She was a good neighbor and many there are who can testify to her goodness, she shared the joys and sorrows of the whole community. Jesus said, "Let not your heart be troubled; ye believe in God, believe also in Me.
In my Father's house are many mansions; if it were not so, I would have told you. I go to prepare a place for you.
And if I go and prepare a place for you, I will come again, and receive you unto my self, that where I am, there ye may be also." St. John 14-1,2,3.
We would say to all the loved ones, look up to Jesus for He doeth all things well.


We wish to express our appreciation to the many friends during the illness and death of our wife and mother. Also for the choir service and beautiful floral offerings. J. G. Richardson and Family.\ Submitted byTom Agan.

PRICE, William A., Springs Valley Herald (October 4, 1928) Death Notice
William A, Price, age 70, veteran Monon conductor on the French Lick branch, was found dead in his room at the Grand Hotel here Sunday morning, his body hanging from the side of the bed, with his feet and head tied to the posts.
The coroner's inquest was held following the discovery of the body and his death was pronounced due to suicide although those who assisted in the investigation declared it was the most ghastly and queerest suicide of which they had ever heard or seen.
Indications were that the man had performed the act in a nightmare; had arisen in the dark after he had read a book and gone to sleep, secured some underwear around his neck and the sheet about his feet, and then simply slipped out of bed.
Although there were some rumors of foul play those who investigated could find no indication that such was true as there were no clues or apparent motives leading to murder.
Price had a room at the Grand Hotel and came in from his run between French Lick and Orleans at 7:10 Saturday evening, spoke to several people about the hotel, then went to his room. Nothing further was thought about Mr. Price until the time came for him to go out on his run at 10 o'clock Sunday morning, and he did not report for duty. This alarmed his friends and going to the hotel it was found that he had not been downstairs. The door to his room was locked and had to be forced open, when Price was found dead, suspended between the top of the bed and the floor. It was evident that he had been dead several hours.
No note could be found and so far as was known he had not talked to anyone about taking his life and he seemed to have been in good health. About $200 was found in his pockets.
The wife of Conductor Price died two years ago, also a son died in California of lung trouble about six months ago and it was evident that he was more or less despondent.
Mr. Price had been an employee of the Monon since 1890 beginning at the bottom and for a long time has been a conductor, running for several years between Orleans and French Lick. He was a 32nd degree Mason and a member of the Order of Railway Conductors and a very substantial man. The home is at Orleans and Clay Price, a Monon freight conductor is a son. There are five grandchildren.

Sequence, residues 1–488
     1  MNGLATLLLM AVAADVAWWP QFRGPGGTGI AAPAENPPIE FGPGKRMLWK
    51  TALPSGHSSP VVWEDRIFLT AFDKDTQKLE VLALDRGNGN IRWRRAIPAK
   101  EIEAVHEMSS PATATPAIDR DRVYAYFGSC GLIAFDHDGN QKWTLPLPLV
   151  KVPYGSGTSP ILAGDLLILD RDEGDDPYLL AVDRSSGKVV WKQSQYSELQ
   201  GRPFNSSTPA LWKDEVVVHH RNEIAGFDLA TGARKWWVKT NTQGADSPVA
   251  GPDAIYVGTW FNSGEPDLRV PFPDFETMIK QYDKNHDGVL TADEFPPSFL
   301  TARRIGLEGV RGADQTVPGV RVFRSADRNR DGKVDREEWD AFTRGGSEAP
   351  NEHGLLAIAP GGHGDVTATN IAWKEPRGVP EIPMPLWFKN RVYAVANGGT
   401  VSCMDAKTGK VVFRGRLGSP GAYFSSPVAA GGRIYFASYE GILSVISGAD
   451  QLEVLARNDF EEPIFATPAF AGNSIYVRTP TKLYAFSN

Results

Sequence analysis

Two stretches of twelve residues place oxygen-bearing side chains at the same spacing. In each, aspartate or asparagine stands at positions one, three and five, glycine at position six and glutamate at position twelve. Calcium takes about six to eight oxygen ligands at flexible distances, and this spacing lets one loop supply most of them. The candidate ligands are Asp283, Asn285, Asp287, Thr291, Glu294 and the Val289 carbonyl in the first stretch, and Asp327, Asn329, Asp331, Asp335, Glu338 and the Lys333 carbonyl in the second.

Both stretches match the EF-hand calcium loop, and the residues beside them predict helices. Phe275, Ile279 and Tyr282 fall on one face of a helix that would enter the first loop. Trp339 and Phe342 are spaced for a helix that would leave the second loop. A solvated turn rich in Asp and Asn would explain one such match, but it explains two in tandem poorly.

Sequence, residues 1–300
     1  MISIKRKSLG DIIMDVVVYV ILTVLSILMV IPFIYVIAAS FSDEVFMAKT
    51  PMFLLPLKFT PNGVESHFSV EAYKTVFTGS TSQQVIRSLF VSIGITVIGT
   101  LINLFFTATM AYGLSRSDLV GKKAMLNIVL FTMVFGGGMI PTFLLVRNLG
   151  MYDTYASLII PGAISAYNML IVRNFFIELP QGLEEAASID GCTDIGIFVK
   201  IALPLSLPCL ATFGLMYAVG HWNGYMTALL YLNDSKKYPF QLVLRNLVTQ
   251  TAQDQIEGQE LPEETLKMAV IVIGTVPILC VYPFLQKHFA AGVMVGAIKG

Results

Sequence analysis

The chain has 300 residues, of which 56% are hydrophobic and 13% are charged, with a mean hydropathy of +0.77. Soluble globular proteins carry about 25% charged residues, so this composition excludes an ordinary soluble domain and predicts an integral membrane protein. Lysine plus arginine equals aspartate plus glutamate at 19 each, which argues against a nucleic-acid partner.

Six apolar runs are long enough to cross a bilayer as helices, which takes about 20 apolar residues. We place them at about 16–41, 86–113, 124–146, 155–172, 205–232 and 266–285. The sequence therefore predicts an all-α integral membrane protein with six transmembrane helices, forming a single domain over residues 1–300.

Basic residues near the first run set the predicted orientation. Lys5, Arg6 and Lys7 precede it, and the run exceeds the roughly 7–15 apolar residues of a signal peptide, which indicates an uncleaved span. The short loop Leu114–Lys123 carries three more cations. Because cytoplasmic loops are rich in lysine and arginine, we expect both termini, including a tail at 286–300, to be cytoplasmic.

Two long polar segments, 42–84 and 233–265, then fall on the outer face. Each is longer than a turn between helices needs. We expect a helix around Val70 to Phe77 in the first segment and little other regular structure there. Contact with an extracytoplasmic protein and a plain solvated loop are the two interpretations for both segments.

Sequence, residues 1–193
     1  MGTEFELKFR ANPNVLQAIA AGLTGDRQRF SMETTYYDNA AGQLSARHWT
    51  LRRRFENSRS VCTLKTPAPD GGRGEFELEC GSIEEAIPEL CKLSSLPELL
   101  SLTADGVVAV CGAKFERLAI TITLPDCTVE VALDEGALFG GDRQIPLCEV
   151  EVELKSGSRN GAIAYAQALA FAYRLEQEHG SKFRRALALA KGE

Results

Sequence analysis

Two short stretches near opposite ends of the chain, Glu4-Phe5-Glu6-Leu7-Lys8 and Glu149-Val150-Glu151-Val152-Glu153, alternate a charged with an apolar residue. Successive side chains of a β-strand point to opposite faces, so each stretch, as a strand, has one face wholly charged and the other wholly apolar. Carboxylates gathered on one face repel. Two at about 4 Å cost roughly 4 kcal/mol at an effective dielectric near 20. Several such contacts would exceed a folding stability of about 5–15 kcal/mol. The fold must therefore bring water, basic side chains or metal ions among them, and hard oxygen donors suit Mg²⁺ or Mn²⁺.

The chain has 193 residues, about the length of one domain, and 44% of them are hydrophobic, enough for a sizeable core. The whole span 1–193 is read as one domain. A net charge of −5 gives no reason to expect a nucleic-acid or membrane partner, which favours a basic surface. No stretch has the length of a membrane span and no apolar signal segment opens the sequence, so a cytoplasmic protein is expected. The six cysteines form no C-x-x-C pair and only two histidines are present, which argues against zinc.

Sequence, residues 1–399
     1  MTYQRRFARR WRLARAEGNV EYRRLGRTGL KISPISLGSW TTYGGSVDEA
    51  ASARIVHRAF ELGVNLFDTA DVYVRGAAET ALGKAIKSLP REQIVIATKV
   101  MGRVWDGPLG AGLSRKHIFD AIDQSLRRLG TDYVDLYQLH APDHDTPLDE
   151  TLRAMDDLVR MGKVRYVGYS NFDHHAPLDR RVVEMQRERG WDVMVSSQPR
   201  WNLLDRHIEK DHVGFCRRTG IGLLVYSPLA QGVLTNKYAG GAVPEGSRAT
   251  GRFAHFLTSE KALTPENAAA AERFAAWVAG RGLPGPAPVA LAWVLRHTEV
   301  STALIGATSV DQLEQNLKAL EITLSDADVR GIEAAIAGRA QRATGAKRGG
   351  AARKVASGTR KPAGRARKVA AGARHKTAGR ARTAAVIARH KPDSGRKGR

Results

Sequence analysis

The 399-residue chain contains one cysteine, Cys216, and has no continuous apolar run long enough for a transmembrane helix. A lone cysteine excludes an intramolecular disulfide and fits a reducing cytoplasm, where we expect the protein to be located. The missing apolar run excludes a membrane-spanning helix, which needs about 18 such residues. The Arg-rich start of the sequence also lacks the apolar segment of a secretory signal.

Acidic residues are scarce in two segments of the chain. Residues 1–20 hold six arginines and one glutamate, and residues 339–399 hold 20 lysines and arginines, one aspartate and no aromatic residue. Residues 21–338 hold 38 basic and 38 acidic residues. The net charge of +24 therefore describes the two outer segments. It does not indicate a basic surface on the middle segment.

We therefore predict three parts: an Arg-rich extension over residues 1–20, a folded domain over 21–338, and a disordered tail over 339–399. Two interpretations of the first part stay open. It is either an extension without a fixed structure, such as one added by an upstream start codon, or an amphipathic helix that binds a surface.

Funeral services were held at the home in Orleans Tuesday at 2 o'clock and a number of the local railroad men attended going on a special train from here to Orleans. Submitted byTom Agan.

PARKS, Sarah Ann, Springs Valley Herald (October 11, 1928) Death Notice
Mrs. Sarah Ann Parks, age 71, died at her home in French Lick Thursday night after a month's serious illness. Suffering with a form of heart disease Mrs. Parks put up a brave fight for her life, but was finally forced to succumb.
Funeral services were held at the Christian Church, of which she was a faithful member, Saturday afternoon at 2 o'clock and the body was laid to rest in the Ames Chapel cemetery.
Mr. Parks died less than a year ago and Mrs. Parks is survived by the following sons and daughters: Frances, Joe, Milton and Ethel of French Lick; and Mrs. Wilson Denbo of Jackson, Michigan; a brother, Edward Dillard, of Eckerty.

Springs Valley Herald (October 11, 1928)
Those out of town who attended the funeral of Mrs. Sarah Ann Parks at the Christian Church Saturday afternoon were Mr. and Mrs. Ark Davis and son, Ted; Mrs. George Ruttledge, Mr. and Mrs. John Hill and Mrs. Mollie Hill of Washington; Mrs. L. L. Holiday and Arthur Dillard and daughter Margaret Ann of Paoli; Everett Dillard of Eckerty; Mr. and Mrs. William Dillard and Mrs. Fred Dillard of Newton Stewart; Mr. and Mrs. Jacob Eckerty and son, Ernest of Wickliffe.

Springs Valley Herald (October 11, 1928) Obituary
Sarah Ann, daughter of Dr. James F. and Mrs. Jane Dillard, was born July 28, 1857 at Newton Stewart, Indiana where the greater part of her girlhood was spent. She was one of a family of twelve. Only one brother remains, Mr. Ed Dillard of Eckerty, Indiana.
She was united in marriage December 28, 1887 to Charley Parks of Fargo, Indiana, who preceded her to the Glory World December 30, 1927.
To this union five children were born, Frances, Joe, Milton and Ethel of French Lick and Mrs. Wilson Denbo of Jackson, Michigan. Four of these have had the blessed privilege of being by the side of the mother during her illness and giving her every comfort that was possible in her passing days. She departed this life October 4, 1928. Aged 71 years, 2 months and 6 days.
Mrs. Parks lived a quiet reserved life. She was one who took great pleasure in her humble home ministering to the needs of the family and reaching a helping hand when possible to a friend or neighbor. Hers was a life of devotion to lived ones and her many friends and neighbors can testify to her goodness. She converted and united with the Regular Baptist Church in 1901. After moving to French Lick she united with the Christian Church to which she has remained a faithful member.